At this point, it's worth mentioning that there are five unique pieces of silicon in the console, including a heavily customized APU taking care of computing and graphics, two further input (southbridge) and signal processors in the box and two more in the Kinect. The overall impact of all these unknowns is to create a box of mystery that cannot be compared to anything else on the market, or even to the PlayStation 4. Just something to bear in mind!
If you were concerned that the inclusion of AMD's low-power "Jaguar" cores somehow meant the new Xbox would be a mobile-class device, or the type of thing you'd stick in a dashboard infotainment system, worry not. The APU burns at up to 100W, which is actually more than the latest iterations of the Xbox 360 Slim or PS3. Moreover, transistor size has been reduced to 28nm, which means that the performance per watt will also increase relative to the 45nm processors of the last generation. Comparisons to any existing AMD APUs in desktop PCs are rendered moot by the fact that there are an unusual number of transistors all working together in the Xbox system (around 5 billion) and, unlike the sprawl of a regular Windows desktop, they're honed and focused on very specific tasks.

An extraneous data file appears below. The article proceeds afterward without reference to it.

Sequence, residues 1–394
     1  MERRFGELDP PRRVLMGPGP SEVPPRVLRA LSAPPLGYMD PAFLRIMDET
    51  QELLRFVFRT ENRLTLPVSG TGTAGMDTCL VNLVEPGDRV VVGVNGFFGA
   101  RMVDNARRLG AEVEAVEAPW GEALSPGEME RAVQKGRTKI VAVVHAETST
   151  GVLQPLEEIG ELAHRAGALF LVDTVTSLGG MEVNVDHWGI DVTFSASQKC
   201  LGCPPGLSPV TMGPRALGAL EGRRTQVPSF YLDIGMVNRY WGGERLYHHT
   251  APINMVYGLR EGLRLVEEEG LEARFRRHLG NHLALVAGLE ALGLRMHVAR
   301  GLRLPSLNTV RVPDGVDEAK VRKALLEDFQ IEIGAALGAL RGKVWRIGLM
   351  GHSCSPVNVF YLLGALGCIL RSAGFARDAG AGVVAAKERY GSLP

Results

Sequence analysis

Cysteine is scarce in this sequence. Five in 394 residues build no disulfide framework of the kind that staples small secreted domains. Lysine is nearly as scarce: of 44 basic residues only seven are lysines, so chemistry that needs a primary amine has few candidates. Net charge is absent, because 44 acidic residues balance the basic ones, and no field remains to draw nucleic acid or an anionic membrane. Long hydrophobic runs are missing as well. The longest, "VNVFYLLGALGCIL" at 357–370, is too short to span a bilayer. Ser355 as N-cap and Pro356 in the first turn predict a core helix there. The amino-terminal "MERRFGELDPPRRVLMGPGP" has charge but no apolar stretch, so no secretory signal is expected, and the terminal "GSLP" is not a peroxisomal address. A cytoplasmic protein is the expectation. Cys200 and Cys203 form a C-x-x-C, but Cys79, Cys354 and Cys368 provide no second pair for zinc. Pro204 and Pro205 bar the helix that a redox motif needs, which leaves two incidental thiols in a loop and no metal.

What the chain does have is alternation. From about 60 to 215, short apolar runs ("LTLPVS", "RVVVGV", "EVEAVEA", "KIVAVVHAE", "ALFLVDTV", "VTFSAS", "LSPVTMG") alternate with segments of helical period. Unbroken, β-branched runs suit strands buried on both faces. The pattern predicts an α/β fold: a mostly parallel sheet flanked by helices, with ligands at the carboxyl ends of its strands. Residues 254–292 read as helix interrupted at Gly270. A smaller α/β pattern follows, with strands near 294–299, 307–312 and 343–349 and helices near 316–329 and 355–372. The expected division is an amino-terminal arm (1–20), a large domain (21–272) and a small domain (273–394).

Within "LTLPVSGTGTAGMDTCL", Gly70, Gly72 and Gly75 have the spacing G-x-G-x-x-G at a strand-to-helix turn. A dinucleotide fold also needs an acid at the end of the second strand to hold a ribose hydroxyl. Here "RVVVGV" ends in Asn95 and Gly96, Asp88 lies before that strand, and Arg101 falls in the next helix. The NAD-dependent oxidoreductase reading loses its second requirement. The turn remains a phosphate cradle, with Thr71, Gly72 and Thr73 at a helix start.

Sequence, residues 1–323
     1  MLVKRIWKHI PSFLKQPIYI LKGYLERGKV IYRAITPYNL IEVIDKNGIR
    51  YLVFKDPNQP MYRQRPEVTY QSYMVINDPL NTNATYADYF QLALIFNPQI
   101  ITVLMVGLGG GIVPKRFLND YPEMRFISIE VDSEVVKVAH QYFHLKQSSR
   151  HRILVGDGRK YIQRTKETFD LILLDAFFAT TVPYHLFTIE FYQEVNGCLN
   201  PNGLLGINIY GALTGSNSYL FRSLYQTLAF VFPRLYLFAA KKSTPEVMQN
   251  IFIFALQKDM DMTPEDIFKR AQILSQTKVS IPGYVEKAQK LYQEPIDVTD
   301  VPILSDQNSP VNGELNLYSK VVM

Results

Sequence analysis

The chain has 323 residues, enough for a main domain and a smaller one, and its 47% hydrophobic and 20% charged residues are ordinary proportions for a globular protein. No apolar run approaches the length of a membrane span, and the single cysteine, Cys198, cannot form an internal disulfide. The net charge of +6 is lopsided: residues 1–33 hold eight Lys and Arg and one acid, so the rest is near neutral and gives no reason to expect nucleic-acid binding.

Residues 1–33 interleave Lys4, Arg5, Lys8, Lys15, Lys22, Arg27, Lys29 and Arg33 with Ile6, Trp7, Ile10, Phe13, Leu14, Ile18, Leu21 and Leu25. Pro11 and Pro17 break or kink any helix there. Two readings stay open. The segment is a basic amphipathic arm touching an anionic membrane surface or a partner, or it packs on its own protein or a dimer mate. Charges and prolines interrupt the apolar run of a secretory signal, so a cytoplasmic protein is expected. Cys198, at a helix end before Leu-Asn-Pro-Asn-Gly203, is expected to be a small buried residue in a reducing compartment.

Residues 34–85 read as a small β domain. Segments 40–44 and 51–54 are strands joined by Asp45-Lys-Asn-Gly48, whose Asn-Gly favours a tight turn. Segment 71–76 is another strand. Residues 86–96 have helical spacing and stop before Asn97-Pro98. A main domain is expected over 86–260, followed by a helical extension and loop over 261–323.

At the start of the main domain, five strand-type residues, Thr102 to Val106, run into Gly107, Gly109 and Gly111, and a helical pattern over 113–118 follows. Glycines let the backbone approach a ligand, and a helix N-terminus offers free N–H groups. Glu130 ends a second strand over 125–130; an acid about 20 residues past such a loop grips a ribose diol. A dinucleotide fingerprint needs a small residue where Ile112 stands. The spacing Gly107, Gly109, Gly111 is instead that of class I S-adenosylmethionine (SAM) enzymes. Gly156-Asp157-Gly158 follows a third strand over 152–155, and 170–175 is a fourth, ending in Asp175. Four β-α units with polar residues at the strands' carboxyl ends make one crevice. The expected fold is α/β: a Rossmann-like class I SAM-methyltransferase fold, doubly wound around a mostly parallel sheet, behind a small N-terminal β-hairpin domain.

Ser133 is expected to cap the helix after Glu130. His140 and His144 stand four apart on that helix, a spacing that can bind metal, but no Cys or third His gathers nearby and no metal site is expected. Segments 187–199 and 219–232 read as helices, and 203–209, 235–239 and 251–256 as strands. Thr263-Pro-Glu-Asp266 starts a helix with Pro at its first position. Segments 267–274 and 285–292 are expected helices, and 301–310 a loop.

The way memory is used in the new console is also fundamentally different and hard to predict. In addition to a 32MB cache of high-bandwidth embedded SRAM (versus 10MB of EDRAM in the 360), the CPU and GPU both share the same block of 8GB DDR3 memory and they do so in an interesting way, with no need to copy data that is shared between the two components. This could potentially improve performance relative to a traditional system, such as a gaming PC, that has a discrete GPU and a traditional architecture that moves data in a more convoluted manner.
All those watts need to be cooled, but we're told that the new Xbox will be "four times quieter" than its predecessor. This stat is almost impossible to grasp without some math, so let's try it: Anandtech has measured the noise of the Xbox 360 Slim under load at 45dB. As a rough benchmark, subtracting 3dB halves the perceived noise, which means we could be looking at 39dB for the next generation -- still audible, but only slightly above the likely 35-37dB noise floor of your living room.